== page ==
16 | OBR Oakland Business Review | www.oaklandchamber.com


SPECIAL SECTION

Finance & Taxation

> Eight things that could trigger a business audit by Doug Regalia

Whether you're doing taxes for your own business or a client's business, the small – but real – possibility exists for an audit. Understanding the chances of an audit and what the Internal Revenue Service may pay particular attention to can help you and your client during an audit, if and when one occurs. What are some common triggers that might lead to an audit by the IRS?

Doug Regalia

Running a home-based business Operating a business from one’s home is becoming more and more common with high-speed Internet. However, the IRS is scrutinizing just how much of a home is actually used for a home office. Per IRS Publication 587, someone claiming a den or single room of their house will be more likely to have the deduction approved versus claiming their entire home. Similarly, the sole room or workspace must be used exclusively for one’s business, not for family entertaining or personal storage.

Reporting business losses It is normal and often expected for a business to have losses during the first few years. However, if losses are still reported years after the business' incorporation, the IRS might take a second look. Higher income, higher audit chances On average, the chances of an individual audited by the IRS are about 1 percent. However, the more income reported, the greater the likelihood of an audit. Tax returns showing incomes of $200,000 and more have an increased chance of an audit, about one in every 30. Filers making $1 million or more have an even greater chance of an audit – about 11 percent. Lopsided and unsubstantiated charitable deductions Donating and not substantiating a high percentage of one’s income might raise a red flag with the IRS. Giving away half of one’s income, not appraising a car or similar valuable donation or forgetting to include IRS Form 8283 might have the IRS requesting an audit. Major currency withdrawals and deposits Businesses that make deposits or withdrawals of $10,000 or more may trigger an IRS audit. The IRS gets countless reports of these types of withdrawals every day, and they will naturally pique the interest for an audit. Medical bills Bills from medical problems might be deducted if they meet a certain threshold. If medical bills add up to more than 10 percent of a filer’s adjusted gross income and they are younger than 65, they might be deductible. However, gym membership fees, nonprescription medications and medical procedures for aesthetic purposes only do not qualify under the rules as medical expenses. Partially completed tax returns Whether it’s a Social Security number, a signature, or a 1099 Form not submitted, the IRS’ system and auditors often flag such returns. And sometimes computer or data entry mistakes result in an audit to ensure there are no other errors in the tax return. Tally up and include all 1099s Staying organized with all types of 1099s will help a tax return go smoother, reducing the chances of accidentally forgetting a 1099 and potentially triggering an audit. Whether it’s a 1099-MISC documenting income earned from self-employment, a 1099-INT for earned interest, a 1099-G documenting an income tax refund or another type of 1099, ensuring all necessary 1099s are included will ensure the IRS’ system is in agreement with the supplied 1099s. The IRS can still choose to audit a business’ tax returns regardless of the circumstances. However, staying organized, following IRS regulations and maintaining one’s own records will help reduce the number of errors – which will make it a much smoother process for all involved during tax time. ■ Doug Regalia is a partner with Regalia & Associates, CPAs. He can be reached at (925) 314-0390.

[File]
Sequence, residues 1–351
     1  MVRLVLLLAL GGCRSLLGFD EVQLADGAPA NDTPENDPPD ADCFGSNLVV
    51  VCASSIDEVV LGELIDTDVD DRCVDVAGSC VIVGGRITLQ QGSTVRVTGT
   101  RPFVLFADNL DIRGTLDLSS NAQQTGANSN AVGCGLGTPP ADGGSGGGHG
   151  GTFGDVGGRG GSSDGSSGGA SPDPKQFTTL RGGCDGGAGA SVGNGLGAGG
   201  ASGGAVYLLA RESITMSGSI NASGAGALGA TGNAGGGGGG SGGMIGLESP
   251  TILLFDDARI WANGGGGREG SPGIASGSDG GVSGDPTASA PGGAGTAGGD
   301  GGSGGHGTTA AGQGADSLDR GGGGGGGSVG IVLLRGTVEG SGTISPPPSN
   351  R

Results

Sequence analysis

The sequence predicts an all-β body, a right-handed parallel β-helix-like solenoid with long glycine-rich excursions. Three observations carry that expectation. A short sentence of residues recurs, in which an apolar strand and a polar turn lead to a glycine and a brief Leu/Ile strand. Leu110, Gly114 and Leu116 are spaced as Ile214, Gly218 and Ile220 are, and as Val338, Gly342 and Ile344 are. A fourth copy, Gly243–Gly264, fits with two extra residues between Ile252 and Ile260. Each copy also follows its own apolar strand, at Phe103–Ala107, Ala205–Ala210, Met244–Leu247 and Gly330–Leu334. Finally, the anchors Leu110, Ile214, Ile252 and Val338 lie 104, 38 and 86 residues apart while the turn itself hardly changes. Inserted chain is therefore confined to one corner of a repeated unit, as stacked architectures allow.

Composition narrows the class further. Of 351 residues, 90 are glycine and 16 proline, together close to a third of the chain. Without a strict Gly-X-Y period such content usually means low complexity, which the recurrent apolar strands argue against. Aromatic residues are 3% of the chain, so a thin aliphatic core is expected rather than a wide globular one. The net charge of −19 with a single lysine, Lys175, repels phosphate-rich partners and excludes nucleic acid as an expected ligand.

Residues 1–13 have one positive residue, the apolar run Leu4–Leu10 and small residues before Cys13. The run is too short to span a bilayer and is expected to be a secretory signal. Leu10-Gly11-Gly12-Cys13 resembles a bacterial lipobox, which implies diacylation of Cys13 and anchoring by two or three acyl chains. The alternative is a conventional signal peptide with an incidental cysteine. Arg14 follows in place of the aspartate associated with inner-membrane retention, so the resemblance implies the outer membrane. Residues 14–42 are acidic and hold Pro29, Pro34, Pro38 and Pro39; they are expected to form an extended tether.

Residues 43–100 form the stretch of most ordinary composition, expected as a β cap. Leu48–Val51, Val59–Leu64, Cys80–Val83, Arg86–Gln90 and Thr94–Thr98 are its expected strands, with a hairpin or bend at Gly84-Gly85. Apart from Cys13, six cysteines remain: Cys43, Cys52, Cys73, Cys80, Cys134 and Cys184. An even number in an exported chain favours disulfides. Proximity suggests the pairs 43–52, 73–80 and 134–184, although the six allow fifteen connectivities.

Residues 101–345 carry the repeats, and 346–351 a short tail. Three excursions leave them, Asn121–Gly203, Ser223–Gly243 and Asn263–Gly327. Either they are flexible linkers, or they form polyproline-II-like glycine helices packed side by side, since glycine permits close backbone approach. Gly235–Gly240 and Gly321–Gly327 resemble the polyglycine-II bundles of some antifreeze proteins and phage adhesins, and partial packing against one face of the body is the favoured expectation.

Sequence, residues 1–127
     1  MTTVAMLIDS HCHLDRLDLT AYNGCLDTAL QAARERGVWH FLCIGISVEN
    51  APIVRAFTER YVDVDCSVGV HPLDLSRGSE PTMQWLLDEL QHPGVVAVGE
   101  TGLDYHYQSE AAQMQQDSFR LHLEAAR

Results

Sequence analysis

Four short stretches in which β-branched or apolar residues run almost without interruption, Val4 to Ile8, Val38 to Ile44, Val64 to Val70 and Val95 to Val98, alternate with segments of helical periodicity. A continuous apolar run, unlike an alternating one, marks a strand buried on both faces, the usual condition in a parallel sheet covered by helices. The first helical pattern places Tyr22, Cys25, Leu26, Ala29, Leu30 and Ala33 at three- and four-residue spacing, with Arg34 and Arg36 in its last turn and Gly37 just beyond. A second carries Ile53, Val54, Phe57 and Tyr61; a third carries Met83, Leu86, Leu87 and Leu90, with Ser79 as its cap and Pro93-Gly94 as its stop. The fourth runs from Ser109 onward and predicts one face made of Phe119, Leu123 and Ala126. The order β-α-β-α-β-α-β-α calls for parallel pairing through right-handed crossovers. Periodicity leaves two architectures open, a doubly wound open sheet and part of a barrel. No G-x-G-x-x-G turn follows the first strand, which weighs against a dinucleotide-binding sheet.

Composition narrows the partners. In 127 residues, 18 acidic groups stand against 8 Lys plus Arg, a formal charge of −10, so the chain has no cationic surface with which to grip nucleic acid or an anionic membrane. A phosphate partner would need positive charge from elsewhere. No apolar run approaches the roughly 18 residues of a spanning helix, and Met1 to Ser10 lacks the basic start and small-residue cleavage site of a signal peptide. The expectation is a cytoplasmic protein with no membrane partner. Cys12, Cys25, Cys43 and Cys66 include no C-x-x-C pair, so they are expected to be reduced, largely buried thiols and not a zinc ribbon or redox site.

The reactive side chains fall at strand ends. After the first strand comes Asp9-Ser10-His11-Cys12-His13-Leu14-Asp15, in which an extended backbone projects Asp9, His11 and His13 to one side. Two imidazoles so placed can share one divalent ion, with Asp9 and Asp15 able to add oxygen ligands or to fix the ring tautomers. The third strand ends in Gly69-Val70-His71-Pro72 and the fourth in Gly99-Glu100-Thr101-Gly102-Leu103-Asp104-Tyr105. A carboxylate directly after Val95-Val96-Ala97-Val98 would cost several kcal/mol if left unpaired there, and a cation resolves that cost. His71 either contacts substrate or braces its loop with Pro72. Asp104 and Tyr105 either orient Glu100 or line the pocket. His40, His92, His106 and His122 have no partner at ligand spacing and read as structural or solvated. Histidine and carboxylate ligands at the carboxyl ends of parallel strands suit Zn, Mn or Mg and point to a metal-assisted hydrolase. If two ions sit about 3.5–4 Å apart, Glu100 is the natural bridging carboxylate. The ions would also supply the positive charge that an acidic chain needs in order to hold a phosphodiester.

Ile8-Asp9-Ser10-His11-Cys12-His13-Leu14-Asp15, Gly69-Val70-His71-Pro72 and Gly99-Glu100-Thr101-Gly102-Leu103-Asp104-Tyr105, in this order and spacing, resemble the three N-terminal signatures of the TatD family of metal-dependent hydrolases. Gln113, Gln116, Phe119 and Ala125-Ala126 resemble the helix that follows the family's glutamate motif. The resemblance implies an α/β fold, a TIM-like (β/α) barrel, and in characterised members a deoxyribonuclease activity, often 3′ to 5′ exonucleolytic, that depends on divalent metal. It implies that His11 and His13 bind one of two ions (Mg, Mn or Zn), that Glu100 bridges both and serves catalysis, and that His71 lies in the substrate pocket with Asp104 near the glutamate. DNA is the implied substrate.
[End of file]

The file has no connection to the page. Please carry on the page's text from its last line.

FEBRUARY 2016 | 17


Economic Development CREATING A STRONG ECONOMY

> Chamber gets a peek at seven new housing projects Rachel Flynn, the director of Oakland’s Planning and Building Department, gave an overview of some of Oakland’s current housing projects at last month’s Economic Development Forum. As demand to live in Oakland continues to rise, new construction is a vital part of helping to relieve the housing shortage.

Flynn’s presentation featured hundreds of new units and thousands of square feet of ground floor retail space, both of which are necessary to Oakland’s continued economic growth. Some of the artist renderings of the projects are featured below. 2323 Broadway – Signature Development, 105 residential units, office and retail. This multi-use project is known as The Hive. MacArthur Village – 3838 Turquoise Way, 90 units and ground floor retail. Phase I of a 634-unit development at the MacArthur BART Station. Built by Bridge Housing – 100 percent affordable. (Not shown.) 1100 Clay St. – Strada Development, 225 units and ground